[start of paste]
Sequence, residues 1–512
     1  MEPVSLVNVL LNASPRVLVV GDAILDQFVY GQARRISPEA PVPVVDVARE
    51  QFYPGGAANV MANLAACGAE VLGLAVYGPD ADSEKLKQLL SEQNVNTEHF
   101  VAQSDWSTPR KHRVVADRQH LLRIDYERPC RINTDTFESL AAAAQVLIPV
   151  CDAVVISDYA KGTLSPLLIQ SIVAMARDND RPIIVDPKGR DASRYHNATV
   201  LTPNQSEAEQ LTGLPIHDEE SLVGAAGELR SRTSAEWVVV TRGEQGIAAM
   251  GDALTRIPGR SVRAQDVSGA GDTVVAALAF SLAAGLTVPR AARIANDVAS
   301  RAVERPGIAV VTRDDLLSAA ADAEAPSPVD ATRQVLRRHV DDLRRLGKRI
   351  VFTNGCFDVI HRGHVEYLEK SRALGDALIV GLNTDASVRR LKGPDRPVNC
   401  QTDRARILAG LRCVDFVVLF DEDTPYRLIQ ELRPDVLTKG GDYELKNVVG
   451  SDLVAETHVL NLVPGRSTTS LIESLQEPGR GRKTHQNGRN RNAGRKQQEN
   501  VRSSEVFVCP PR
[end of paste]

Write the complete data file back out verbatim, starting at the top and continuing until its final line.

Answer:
Sequence, residues 1–512
     1  MEPVSLVNVL LNASPRVLVV GDAILDQFVY GQARRISPEA PVPVVDVARE
    51  QFYPGGAANV MANLAACGAE VLGLAVYGPD ADSEKLKQLL SEQNVNTEHF
   101  VAQSDWSTPR KHRVVADRQH LLRIDYERPC RINTDTFESL AAAAQVLIPV
   151  CDAVVISDYA KGTLSPLLIQ SIVAMARDND RPIIVDPKGR DASRYHNATV
   201  LTPNQSEAEQ LTGLPIHDEE SLVGAAGELR SRTSAEWVVV TRGEQGIAAM
   251  GDALTRIPGR SVRAQDVSGA GDTVVAALAF SLAAGLTVPR AARIANDVAS
   301  RAVERPGIAV VTRDDLLSAA ADAEAPSPVD ATRQVLRRHV DDLRRLGKRI
   351  VFTNGCFDVI HRGHVEYLEK SRALGDALIV GLNTDASVRR LKGPDRPVNC
   401  QTDRARILAG LRCVDFVVLF DEDTPYRLIQ ELRPDVLTKG GDYELKNVVG
   451  SDLVAETHVL NLVPGRSTTS LIESLQEPGR GRKTHQNGRN RNAGRKQQEN
   501  VRSSEVFVCP PR